|Floating Point Execution||Normal FP add/multiply latencies, somewhat high FMA latency||Best in class FP add latency. FP multiply/FMA latency on par with other high performance cores|
|L1 Data Cache||32 KB, low 3 cycle latency, low bandwidth||48 KB, high bandwidth but 5 cycle latency|
|L2 Cache||2 MB shared by 4 cores for area efficiency||High bandwidth. Private per core for bandwidth scaling and low latency|
|L3 Cache||Better than nothing||High bandwidth. large ROB and probably aggressive prefetchers hide latency|
|Stock Single Core Clock Speed||3.9 GHz, much easier to design for than 5 GHz||5.2 GHz, pushing the limits of Intel’s process|
To see what Intel achieved with their hybrid design, we read RAPL (Running Average Power Limit) counters for core and package power during a libx264 4K encode. Core affinity was used to control which cores, and how many cores the encode job was allowed to use. We only took power draw at a specific section of the encode, around frames 90-120 so this test wouldn’t take forever to complete.
Gracemont draws a surprising amount of power when just one core is loaded. That suggests shared components like the L2 and ring stop draw a lot of power. Gracemont’s efficiency really starts to show as more cores get loaded. With eight cores, we’re seeing 5.72 watts per Gracemont core, compared to 21.05 watts for Golden Cove.
Intel also brackets AMD’s Zen 2 in terms of performance and power consumption. IPC over the entire workload was 1.72, 1.91, and 2.25 for Gracemont, Zen 2, and Golden Cove respectively. Thus Golden Cove is faster, but at a disproportionate power cost. Gracemont does the opposite. It’s slower, but delivers more instruction throughput per watt.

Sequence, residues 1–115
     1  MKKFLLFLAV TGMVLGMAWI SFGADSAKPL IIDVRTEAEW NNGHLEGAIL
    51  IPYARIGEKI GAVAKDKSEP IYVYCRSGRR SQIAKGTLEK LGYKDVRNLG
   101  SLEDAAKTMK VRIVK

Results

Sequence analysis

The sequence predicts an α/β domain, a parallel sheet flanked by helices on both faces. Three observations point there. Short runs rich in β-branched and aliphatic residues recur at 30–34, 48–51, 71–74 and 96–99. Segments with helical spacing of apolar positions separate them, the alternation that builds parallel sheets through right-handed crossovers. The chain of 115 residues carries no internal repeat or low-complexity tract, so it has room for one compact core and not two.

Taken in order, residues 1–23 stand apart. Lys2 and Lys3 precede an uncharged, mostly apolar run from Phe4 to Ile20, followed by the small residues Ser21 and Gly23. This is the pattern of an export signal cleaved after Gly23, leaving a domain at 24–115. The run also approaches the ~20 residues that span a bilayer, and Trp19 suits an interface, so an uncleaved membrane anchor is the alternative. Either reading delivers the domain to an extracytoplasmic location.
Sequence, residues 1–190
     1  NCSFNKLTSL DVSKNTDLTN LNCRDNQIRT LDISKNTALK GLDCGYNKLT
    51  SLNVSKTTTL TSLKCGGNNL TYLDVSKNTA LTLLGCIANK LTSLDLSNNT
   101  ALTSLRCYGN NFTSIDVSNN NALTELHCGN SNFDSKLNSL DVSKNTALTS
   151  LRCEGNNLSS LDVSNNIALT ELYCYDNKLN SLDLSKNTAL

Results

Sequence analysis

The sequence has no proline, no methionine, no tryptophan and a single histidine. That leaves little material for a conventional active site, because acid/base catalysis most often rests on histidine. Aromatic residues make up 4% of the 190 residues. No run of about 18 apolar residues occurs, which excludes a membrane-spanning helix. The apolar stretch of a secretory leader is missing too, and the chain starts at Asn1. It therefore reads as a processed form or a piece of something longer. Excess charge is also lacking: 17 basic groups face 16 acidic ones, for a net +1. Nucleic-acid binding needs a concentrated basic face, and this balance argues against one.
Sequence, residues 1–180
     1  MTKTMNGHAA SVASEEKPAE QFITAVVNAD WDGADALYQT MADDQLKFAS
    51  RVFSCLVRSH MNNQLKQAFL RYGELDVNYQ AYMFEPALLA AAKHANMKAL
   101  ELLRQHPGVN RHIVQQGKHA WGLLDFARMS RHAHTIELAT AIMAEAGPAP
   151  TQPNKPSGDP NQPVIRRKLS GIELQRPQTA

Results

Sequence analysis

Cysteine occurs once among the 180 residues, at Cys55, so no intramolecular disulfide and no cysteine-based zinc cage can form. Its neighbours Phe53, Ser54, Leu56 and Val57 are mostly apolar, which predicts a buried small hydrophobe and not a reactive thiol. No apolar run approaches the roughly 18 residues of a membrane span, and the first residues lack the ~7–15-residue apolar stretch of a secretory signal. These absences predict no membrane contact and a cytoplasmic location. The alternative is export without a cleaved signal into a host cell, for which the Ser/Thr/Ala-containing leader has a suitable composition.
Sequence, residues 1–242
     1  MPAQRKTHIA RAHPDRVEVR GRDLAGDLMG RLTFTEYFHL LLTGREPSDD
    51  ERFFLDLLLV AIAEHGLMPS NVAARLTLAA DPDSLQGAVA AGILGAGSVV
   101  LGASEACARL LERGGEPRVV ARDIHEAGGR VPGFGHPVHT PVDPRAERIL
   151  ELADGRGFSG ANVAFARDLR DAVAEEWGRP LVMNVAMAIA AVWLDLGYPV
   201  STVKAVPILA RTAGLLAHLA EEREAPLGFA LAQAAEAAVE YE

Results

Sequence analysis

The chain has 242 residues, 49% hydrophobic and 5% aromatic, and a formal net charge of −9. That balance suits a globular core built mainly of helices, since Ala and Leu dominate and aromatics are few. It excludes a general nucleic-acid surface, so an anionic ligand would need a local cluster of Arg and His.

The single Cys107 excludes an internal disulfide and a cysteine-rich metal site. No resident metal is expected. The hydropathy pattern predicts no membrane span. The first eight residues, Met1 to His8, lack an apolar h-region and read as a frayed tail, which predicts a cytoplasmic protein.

Gracemont is a well balanced core with ample execution resources and reordering capacity. It doesn’t have any serious weaknesses beyond obvious tradeoffs that were made to keep power draw down, but even these sacrifices are well thought out and shouldn’t impact common integer loads. Just to summarize:
- Well balanced out of order execution resources
- Excellent branching performance (high reordering capacity, large zero bubble BTB, good prediction capabilities)
- Large 64 KB L1 instruction cache
- Low latency L1 data cache
- Modest power consumption
- L3 access suffers from high latency and low bandwidth
- Lower vector throughput than other desktop x86 cores
Ten years ago, Intel used a single architecture to dominate laptops, desktops, servers, and high performance compute. Today, the market is far tougher. AMD’s single threaded performance is extremely competitive, putting Intel’s desktop position in danger and in the server market, AMD’s power efficiency and density threatens to unseat Intel. ARM-based vendors smell blood too and recently gained a foothold by narrowly optimizing for density and power efficiency.
Intel’s position is therefore a bit like that of the Roman Empire in 300 AD. The chip giant still demands respect, with lots of resources and engineering muscle. But it’s facing threats from all directions and in order to maintain its empire, Intel has chosen to abandon the one size fits all approach with its big cores. Instead, the Core line is being unleashed to maximize performance per core while power consumption takes a back seat. Meanwhile, the Atom line abandons Silvermont’s cell phone ambitions to target higher power and performance points, with a focus on density and efficiency.